The body and its workings are a mirror image of the workings of the soul. The physical world is a parallel of the spiritual world. And so, the direct physical link between mother and child is a reflection of a soul link between them. While the father's soul contributes to the identity of the child's soul, it is the mother's soul that actually defines it. If the mother has a Jewish soul, the child does too.

If the mother is not Jewish but the father is, his Jewish soul will not be extended to the child. There may be a spark of Jewishness there, but if it was not gestated in a Jewish mother, the child will have to go through conversion for their Jewishness to be activated.

Other religions are passed down by the father. Jewishness is passed down by the mother, because being Jewish is a spiritual identity, it defines our very being. And our very being we get from our mother, both in body and in soul.

Monday, August 3, 2009

JLI Student BBQ

Come celebrate a year of learning and discovery at our JLI Barbecue for students, families and friends, with live entertainment!

The cost is $4 for a burger and $3 for a hot dog. Salad and drinks are included. RSVP by Tuesday, August 11. To RSVP, send an email to JLI@ChabadWinnipeg.org or give us a call at 414-5624.

On Sunday, August 16
From 5:30pm - 7:30pm
At 901 Shaftesbury Blvd

Friday, July 31, 2009

Soul Quest

Weekly E*Torah by Rabbi Avrohom Altein

Question of the Week by Rabbi Moss

Rabbi, I appreciate your invitation to join your classes, but I just don't have time in my life for spirituality right now. My week is packed with work, family commitments, fitness and a little socialising and time to relax. I don't see where I can fit in spiritual activities. I don't want to burn out, do I?

There was once a rabbi teaching a classroom full of students. He started his lesson by saying, "My dear students, today is our last class together before you graduate. For this special occasion I am going to do something different. I am going to teach you the secret of a good cholent."

The students were aghast. Cholent, the traditional Shabbos stew, is a classic of Jewish cooking, but hardly a profound subject for a rabbi to teach his students for their final lesson.

The rabbi took out a crockpot and filled it to the brim with potatoes. He then turned to his students and asked, "Tell me, now that I have filled the pot with potatoes - is the pot full?"

"Yes," his students replied, confused by the simplicity of the question, for there was no way to fit in any more potatoes into the pot.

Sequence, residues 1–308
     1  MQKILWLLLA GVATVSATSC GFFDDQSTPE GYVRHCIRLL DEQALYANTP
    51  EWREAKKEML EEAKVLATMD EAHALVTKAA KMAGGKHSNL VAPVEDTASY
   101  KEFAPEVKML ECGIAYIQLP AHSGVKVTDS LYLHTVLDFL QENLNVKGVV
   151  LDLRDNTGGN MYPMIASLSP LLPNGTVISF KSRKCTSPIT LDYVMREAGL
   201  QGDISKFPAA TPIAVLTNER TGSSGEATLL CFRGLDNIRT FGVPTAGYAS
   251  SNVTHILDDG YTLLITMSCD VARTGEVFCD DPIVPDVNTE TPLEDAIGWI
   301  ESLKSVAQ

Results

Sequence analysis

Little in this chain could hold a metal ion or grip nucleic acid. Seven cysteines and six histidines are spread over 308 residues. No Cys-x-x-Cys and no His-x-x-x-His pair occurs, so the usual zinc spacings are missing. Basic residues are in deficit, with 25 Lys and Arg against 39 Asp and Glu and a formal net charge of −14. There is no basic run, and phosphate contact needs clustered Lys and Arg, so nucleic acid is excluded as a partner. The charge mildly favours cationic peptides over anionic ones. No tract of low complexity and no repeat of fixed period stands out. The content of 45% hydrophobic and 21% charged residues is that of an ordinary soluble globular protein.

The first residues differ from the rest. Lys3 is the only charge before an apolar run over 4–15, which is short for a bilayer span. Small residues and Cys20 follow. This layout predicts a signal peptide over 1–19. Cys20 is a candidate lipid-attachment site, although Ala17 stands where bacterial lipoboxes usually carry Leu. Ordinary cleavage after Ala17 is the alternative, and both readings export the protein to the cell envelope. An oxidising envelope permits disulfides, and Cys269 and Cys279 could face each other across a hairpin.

With a smile the rabbi took out a bag of beans and poured it into the pot, and the beans managed to slip between the spaces among the potatoes. "Ok," said the rabbi, "now is the pot full?" Looking into the pot the students agreed that it was indeed full.

Without missing a beat the rabbi took out a bag of barley and poured it into the pot. The small kernels meandered effortlessly between the cracks and crevices among the potatoes and beans.

"Now it's full," said the students.

"Really?" said the rabbi, taking out his collection of spices. He then began shaking generous amounts of salt, pepper, paprika and garlic powder all over the pot. The students watched dumbfounded as the spices easily settled into what had seemed to be a completely full pot.

The rabbi, obviously enjoying himself, asked again, "Is it full yet?"

Without waiting for the answer, the rabbi produced a jug of water and proceeded to pour its contents into the pot. To the amazement of his students, he was able to empty the entire jug of water into the pot without a drop spilling over the sides.

"Alright, " said the rabbi, a look of satisfaction on his face. "Now it really is full, right?" The students all nodded in agreement. "Are you sure?" prodded the rabbi., "Are you absolutely certain that I can't fit anything more into this pot?" Suddenly unsure of themselves, the students looked at each other nervously and said, "Surely you can't put anything else into there!"

With drama and pathos, the rabbi raised a finger in the air, lowered it slowly and flicked a switch on the side of the pot, turning on the heating element lying beneath. "You see," said the rabbi triumphantly, "I just filled the pot with the most important ingredient of all - warmth. Without it, the pot may as well be empty."

The rabbi paused, and looked deeply into the eyes of his stunned students. "My children," he finally addressed them, "you are about to leave my class and go on to live busy lives. In the big world out there you will no longer have the luxury of studying holy texts all day. In time you will be consumed by the pressures of looking after a family and making a living. But always remember this: your material pursuits are just the potatoes and beans of life. Your spirituality, that is the warmth.

"Until the fire is turned on, the pot is full of disparate ingredients. It is the warmth that unites them all into one single stew.

"If you don't maintain a spiritual connection, through praying every day, studying the holy books, and keeping focused on the true meaning of your lives, then you will end up as a cold cholent - very busy, very full, but completely empty. When you have lost touch with your soul, your family life will suffer, your career will be unfulfilling, you won't even be motivated to exercise.

"But if you keep the fire burning in your soul, if you stick to a daily schedule that nourishes the spirit, even if it is only for a few minutes a day, then those few minutes will bring warmth and inspiration to all your other activities. A spiritual connection imbues your entire life with meaning, keeps you anchored and directed, inspired and motivated. It permeates all you do with a sense of purpose, and makes you succeed."